Poetry Books by Charles Lamb

Charles Lamb Books, Charles Lamb poetry book Selected Writings Authors: Charles Lamb, J. E. Morpurgo
Publisher: Psychology Press
Published Date: 2003
Categories: Literary Collections
Charles Lamb (1775-1834), essayist, poet, humorist, critic and letter-writer, has an enduring reputation for his early "Tales from Shakespeare" (1807), written in collaboration with his sister Mary, and his " Essays of Elia," first published in the "London Magazine." This thematic selection of Lamb's writings - essays, dramatic criticism, verse and letters - not only demonstrates his literary achievements; it forms a self-portrait of the writer: generous, amused, and gregarious, finding imaginative escape from grim circumstances in the teeming life of London and the theatre. The reader is drawn into the circle of Lamb's friends, enjoying the company of the most personal of English essayists. J.E. Morpurgo's introduction and notes set Lamb's writings in their contemporary context.

Charles Lamb Books, Charles Lamb poetry book Charles Lamb and Elia Authors: Charles Lamb
Publisher: Fyfield Book
Published Date: 1993-01-01
Charles Lamb (1775-1834), essayist, poet, humourist, critic, letterwriter and friend, has an enduring literary reputation. His Tales from Shakespear (1807) and Specimens of English Dramatic Poets (1808) were followed in 1820 by the first of his 67 Essays of Elia published in the London Magazine which made his literary reputation. Reading these essays draws one into Lamb's circle of friends, sitting by his fireside and enjoying the company of the most personal of English essayists.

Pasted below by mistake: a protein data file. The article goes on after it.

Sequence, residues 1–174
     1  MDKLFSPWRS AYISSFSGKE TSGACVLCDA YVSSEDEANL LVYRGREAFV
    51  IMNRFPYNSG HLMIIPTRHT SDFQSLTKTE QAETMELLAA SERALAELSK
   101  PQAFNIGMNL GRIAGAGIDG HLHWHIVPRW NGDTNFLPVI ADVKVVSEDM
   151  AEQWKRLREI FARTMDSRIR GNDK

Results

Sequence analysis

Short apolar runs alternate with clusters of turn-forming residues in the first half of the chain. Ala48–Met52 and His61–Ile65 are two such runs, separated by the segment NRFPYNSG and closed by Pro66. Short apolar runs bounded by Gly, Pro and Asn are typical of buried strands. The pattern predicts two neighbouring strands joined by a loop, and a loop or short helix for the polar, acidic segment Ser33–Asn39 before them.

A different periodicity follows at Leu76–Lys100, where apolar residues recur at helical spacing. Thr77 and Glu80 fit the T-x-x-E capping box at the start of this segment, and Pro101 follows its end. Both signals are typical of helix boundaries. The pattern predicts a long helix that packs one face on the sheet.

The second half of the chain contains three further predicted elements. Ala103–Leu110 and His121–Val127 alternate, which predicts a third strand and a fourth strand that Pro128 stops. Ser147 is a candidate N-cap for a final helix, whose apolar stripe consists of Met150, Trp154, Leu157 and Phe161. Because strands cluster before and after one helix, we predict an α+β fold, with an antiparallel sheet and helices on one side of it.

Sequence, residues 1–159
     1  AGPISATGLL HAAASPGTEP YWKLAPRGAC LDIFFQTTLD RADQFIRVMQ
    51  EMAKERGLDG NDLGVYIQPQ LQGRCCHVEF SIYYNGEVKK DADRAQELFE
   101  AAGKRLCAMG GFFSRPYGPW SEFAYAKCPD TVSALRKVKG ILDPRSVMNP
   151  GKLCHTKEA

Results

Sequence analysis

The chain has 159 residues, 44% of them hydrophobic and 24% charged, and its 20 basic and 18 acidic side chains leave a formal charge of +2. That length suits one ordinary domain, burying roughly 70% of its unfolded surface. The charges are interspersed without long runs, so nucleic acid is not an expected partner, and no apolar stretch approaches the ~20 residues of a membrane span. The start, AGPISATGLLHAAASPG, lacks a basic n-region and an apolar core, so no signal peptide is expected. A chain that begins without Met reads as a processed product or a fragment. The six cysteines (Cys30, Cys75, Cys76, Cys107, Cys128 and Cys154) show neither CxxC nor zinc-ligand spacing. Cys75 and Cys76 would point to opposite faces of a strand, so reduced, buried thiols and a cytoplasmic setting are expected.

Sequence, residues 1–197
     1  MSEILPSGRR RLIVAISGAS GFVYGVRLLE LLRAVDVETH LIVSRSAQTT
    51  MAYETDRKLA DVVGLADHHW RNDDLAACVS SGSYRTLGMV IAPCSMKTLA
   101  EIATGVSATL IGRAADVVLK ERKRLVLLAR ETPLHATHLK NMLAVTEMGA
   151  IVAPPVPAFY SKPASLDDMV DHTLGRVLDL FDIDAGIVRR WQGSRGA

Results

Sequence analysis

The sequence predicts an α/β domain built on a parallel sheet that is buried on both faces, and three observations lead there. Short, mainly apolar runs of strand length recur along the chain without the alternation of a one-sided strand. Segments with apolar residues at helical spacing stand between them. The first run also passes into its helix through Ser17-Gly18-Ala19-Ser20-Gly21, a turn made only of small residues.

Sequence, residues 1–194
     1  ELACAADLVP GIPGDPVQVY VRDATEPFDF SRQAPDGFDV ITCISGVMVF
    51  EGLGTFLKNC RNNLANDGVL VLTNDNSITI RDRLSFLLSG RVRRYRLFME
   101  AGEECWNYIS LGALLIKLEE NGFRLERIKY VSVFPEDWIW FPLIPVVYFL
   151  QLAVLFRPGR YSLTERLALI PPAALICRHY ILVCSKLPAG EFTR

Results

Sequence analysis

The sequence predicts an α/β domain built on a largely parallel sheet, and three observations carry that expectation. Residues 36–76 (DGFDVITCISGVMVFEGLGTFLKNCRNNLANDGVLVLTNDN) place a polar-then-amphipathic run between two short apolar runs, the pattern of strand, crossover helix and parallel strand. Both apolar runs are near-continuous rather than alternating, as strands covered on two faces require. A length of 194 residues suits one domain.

Charles Lamb Books, Charles Lamb poetry book Charles Lamb in Essays and Letters Authors: Charles Lamb
Published Date: 1930
"This volume offers a selection of the more generally enjoyed of the Elia essays, with suppletory extracts from Lamb's less-read but inimitable correspencence."--Preface.

Write your comment about Charles Lamb

Poem of the day

William Cowper Poem
Denner's Old Woman
 by William Cowper

In this mimic form of a matron in years,
How plainly the pencil of Denner appears!
The matron herself, in whose old age we see
Not a trace of decline, what a wonder is she!
No dimness of eye, and no cheek hanging low,
No wrinkle, or deep-furrow-d frown on the brow!
Her forehead indeed is here circled around
With locks like the ribbon with which they are bound;

Read complete poem

Popular Poets